|“||The concessionary fares scheme provides a lifeline for our most vulnerable residents to go shopping, pick up medication, attend doctor’s appointments or socialise with friends. However, it is now under real threat. Unless the Government commits to fully funding concessionary fares, elderly and disabled people will be left stranded with a free bus pass in one hand but no local buses to travel on in the other.||”|
|— Wakefield Local Government Area chair of the Economy and Transport Board, Councillor Peter Box |
|“||We know that bus services are vital for many older and disabled people. That is why the right to free travel is enshrined in law, and government provides funding to meet the cost of subsidising off peak travel for these groups. In addition, the Department for Transport provides funding to bus operators to help more services run and keep ticket prices down. The current level of this funding is protected until 2015/16||”|
|— Spokeswoman for the Department for Transport|
Passage through Parliament
As is common for uncontroversial measures, the Bill was introduced in the House of Lords, where it received cross-party support. It received third reading from the Lords on 5 February 2006, and from the Commons on 28 June, with minor amendments, including one allowing the Government to make payments from public funds to fund the scheme, since money bills cannot be started in the Lords. These amendments were agreed to on 5 July, and the Bill received Royal Assent on 19 July. Under the commencement order, the Bill entered into force to allow the making of some regulations by the Secretary of State, and for some other preliminary purposes, on 17 October 2007, and in full on 1 April 2008.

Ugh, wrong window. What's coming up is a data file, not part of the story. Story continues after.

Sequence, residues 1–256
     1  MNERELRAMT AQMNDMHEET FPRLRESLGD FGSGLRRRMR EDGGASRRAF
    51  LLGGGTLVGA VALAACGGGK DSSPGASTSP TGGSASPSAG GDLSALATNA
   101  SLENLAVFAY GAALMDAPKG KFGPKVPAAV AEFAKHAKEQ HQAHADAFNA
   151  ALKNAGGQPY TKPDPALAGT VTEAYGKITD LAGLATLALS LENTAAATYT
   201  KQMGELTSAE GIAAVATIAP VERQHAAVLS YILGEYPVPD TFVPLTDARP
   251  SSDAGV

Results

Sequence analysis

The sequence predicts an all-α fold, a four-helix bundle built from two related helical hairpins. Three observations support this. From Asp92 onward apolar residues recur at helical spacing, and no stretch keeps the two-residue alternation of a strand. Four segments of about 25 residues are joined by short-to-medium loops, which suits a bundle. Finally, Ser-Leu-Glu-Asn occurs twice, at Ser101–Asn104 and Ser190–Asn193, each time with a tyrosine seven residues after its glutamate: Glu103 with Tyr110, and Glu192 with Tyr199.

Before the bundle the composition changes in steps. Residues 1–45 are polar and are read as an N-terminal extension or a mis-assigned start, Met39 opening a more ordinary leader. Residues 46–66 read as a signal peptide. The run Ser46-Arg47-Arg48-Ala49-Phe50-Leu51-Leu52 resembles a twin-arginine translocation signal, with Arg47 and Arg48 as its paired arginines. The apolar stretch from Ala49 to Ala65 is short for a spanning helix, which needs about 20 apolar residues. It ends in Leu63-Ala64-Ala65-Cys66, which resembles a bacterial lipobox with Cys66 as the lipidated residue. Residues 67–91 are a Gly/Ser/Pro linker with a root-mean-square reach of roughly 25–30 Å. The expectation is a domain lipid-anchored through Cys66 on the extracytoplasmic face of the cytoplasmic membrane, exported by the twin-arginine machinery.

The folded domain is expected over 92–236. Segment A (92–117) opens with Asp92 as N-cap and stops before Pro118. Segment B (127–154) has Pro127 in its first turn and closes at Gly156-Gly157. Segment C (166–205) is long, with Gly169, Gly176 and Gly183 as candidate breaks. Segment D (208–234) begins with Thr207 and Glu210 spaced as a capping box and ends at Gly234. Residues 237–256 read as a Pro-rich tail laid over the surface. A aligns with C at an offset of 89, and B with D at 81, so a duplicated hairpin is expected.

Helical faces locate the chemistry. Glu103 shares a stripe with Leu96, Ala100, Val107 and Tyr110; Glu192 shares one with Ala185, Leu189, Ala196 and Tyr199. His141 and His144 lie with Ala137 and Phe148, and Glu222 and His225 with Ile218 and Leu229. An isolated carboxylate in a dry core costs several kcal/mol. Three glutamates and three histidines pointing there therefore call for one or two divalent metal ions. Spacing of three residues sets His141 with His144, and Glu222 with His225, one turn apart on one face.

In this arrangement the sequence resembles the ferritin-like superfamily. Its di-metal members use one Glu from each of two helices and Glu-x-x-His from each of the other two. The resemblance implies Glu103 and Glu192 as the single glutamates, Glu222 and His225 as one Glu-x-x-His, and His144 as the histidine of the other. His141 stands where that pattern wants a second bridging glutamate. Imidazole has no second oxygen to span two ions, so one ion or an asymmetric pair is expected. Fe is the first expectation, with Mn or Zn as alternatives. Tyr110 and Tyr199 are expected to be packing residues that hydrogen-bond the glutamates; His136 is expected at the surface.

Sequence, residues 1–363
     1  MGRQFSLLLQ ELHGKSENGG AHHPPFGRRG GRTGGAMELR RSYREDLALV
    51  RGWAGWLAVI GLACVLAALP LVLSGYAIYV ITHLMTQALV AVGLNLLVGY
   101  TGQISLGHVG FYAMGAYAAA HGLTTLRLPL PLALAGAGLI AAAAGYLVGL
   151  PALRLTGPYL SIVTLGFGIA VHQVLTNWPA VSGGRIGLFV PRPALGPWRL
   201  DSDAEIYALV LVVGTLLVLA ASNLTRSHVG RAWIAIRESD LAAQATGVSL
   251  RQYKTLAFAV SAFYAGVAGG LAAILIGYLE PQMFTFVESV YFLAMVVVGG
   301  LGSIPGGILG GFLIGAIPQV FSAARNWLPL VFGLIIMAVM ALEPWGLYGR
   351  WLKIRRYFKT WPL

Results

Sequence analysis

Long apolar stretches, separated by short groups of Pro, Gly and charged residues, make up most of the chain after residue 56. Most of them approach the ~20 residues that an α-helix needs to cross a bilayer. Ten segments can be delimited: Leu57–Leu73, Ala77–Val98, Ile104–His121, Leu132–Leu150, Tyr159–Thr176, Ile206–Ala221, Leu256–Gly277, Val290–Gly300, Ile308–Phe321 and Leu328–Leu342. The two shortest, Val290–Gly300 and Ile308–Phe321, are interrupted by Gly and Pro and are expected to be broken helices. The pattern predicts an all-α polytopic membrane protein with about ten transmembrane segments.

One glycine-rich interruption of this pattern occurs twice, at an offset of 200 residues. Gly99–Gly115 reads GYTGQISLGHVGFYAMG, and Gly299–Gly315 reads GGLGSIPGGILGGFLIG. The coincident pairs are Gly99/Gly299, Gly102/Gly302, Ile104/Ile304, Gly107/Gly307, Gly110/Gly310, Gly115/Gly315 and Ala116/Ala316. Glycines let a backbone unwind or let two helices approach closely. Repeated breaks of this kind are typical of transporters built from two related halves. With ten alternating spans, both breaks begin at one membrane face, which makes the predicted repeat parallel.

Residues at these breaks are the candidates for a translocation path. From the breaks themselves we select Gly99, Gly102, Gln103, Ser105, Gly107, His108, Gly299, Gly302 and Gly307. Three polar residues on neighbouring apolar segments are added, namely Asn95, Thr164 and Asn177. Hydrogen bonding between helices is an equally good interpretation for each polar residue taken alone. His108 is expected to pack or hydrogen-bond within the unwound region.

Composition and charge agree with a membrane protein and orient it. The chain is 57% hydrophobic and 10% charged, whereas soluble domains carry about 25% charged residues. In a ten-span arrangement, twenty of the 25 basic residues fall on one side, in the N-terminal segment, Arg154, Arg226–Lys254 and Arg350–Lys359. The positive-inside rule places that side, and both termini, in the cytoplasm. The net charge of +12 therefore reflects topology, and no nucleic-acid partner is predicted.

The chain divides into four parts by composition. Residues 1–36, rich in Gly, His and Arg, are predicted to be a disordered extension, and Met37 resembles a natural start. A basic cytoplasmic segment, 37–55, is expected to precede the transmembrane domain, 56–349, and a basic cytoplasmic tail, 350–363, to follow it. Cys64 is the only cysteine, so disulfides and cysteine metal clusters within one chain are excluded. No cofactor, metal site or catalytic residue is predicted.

- The citation of this Act by this short title is authorised by section 16 of this Act.
- HL Deb, 27 November 2007 vol 687 c550
- The Concessionary Bus Travel Act 2007 (Commencement and Transitional Provisions) Order 2007 Archived 11 April 2008 at the Wayback Machine.. Retrieved 2007-03-14.
- Department for Transport (23 August 2007). "Concessionary Bus Travel Act 2007". Archived from the original on 8 March 2008. Retrieved 2008-03-14.
- Concessionary Travel Scheme
- Department for Transport. "Local Authority special grant funding for the 2008 national bus concession in England" (PDF). Archived from the original (PDF) on 5 September 2008. Retrieved 2008-03-14.
- Department for Transport. "Concessionary Fares 2008/9 Special Grant" (PDF). Archived from the original (PDF) on 2008-03-05. Retrieved 2008-03-14.
- HC Deb, 14 May 2007 c401
- HC Deb, 14 May 2007 c414
- "Tyne and Wear Passenger Transport Authority" (DOC). 2006. Retrieved 2008-03-14.
- Elderly and disabled 'could lose bus services'
- Cash-strapped local governments could be forced to ditch subsidised bus services for the elderly and disabled
- Free bus pass threat to services
- HL Deb, 12 December 2006 vol 687 c1477 , HL Deb, 5 February 2007 vol 689 c480